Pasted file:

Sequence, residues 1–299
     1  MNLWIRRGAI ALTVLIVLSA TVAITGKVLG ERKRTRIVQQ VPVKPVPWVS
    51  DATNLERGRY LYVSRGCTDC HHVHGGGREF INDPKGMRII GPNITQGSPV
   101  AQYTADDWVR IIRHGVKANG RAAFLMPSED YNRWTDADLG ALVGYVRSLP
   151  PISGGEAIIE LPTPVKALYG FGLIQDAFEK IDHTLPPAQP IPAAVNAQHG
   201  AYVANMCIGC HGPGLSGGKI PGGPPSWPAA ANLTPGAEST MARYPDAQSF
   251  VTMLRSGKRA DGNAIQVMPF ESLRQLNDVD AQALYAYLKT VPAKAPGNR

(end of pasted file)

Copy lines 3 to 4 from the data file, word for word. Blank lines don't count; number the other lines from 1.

    51  DATNLERGRY LYVSRGCTDC HHVHGGGREF INDPKGMRII GPNITQGSPV
   101  AQYTADDWVR IIRHGVKANG RAAFLMPSED YNRWTDADLG ALVGYVRSLP